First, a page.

If you are thinking about building an Intranet it is critical to understand and communicate to others why you need one in the first place. Intranet projects initiated without a clear set of goals and priorities are almost certainly headed towards failure from the start. The success of an Intranet essentially stems from any cost savings and productivity gains you can make by deploying it. If you think an Intranet might help you, but can’t demonstrate where cost savings or productivity gains will be made by implementing an Intranet in your organisation, you have come to the right place.
Perhaps the best place to start when considering an Internet is to ask employees about the things that they think an Intranet could be used for. Doing this will serve several purposes. You are beginning a process of communication. Some staff might not know what an Intranet is, whilst others may already have had experience of an Intranet. Either way, you should ensure that your organisation collectively understands what is meant by the term ‘Intranet’.
Once you are sure that everyone understands what an Intranet is, you should move the dialogue forward and ensure that everybody gets the chance to voice an opinion on what they would like to see on the proposed Intranet. With any luck, you will be presented with all sorts of gripes and problems which an Intranet will assuage. By becoming involved in the process of consultation about the Intranet staff become more likely to accept the concept of having an Intranet, some may even become “champions” or “evangelists” of the Intranet in your organisation.
When you have a list of problems then you should consider how an Intranet could help with those problems, and if allocating the resources required to solve those problems using an Intranet will pay off in the longer term.
Typically, an Intranet is a doorway to all sorts of tools (or “applications” or “systems”) which employees can access at any time. Here are some of the common ones:-
- Corporate News
- Vacation Management System
- Time-sheet System
- Knowledge/Document Management System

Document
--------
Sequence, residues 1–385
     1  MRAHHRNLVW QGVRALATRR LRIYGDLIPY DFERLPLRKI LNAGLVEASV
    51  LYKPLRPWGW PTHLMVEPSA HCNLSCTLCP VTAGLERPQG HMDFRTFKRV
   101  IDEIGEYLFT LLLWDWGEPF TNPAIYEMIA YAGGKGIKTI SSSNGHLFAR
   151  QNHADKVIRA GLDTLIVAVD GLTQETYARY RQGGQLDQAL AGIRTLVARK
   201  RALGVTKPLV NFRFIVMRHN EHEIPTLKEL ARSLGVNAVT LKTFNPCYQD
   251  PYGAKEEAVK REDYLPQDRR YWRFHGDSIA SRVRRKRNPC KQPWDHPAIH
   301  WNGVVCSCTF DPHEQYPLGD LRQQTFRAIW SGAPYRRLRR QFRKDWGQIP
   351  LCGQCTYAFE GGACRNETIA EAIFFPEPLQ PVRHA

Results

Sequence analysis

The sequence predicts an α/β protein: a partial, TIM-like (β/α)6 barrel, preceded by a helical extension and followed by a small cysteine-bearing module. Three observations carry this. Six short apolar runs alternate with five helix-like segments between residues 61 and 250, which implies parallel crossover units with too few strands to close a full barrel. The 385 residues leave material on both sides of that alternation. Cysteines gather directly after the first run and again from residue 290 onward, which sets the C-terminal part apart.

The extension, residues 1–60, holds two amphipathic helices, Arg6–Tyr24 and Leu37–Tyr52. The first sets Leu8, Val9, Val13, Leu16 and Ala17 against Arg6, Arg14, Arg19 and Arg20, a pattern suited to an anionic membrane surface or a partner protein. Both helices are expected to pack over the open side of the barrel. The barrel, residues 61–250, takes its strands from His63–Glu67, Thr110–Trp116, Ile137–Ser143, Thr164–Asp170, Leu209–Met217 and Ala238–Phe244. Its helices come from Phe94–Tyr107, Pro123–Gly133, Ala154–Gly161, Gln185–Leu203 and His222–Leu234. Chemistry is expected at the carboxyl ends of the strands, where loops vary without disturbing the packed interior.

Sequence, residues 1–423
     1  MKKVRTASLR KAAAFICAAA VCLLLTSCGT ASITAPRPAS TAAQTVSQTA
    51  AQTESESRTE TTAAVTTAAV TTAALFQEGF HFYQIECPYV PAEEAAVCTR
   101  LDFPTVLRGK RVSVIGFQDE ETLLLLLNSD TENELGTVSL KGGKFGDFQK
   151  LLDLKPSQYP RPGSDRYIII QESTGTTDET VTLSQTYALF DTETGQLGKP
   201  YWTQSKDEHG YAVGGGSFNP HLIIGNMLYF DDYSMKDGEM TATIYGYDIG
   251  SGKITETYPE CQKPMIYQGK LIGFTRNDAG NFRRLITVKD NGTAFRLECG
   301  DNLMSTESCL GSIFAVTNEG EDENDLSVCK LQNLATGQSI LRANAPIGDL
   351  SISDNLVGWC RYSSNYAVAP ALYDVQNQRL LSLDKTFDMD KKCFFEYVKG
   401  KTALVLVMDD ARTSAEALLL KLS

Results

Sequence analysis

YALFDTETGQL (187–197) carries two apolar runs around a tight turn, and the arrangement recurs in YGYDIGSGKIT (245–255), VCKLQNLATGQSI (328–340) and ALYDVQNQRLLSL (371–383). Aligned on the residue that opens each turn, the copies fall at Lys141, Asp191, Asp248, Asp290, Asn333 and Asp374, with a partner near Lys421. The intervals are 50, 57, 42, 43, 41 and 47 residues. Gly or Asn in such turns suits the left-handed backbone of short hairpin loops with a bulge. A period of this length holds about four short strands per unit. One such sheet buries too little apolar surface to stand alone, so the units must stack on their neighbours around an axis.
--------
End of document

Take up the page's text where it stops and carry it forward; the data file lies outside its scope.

- Search function (documents or people)
- Employee Directory
- Meeting Room and Resource Booking System
- Staff Surveys
- Staff Training
- Key Performance Indicator (KPI) dashboards
- Shared Calendars
- Department specific information
- Key Documents (such as an employee handbook)
- Integration with legacy applications and Single Sign On capability (sign in in one place, access all required systems)
- Staff discussion forum
- IT Helpdesk function/Issue tracking
You get the picture. The above isn’t even a complete list, but as you can see, one of the benefits of having an Intranet is gained by placing lots of helpful tools in one place.
A normally unsung reason for having an Intranet is to avoid employees “context switching” between different applications. For instance, if an employee is using a time-sheet application, and then has to look up the phone extension of a colleague in a paper-based telephone directory and then after making the call needs to book a meeting room by walking to a book in which meeting room bookings are made, time is lost in having to use different tools to complete separate tasks.
Having a single system (or “portal”) where multiple tasks can be performed means that the time switching between each task is minimised.
A well designed Intranet will be consistent in terms of look and feel regardless of which part of it you are using. Over time it will become faster and easier to complete basic tasks – such as booking a room – or even tasks which naturally chain together such as checking colleagues calendars, booking a room, sending an e-mail inviting colleagues to attend the meeting and tracking responses to that e-mail.
An “Intranet” could be as simple as a shared network drive which holds folders and documents, or a sophisticated web based portal which improves collaboration and streamlines basic procedures.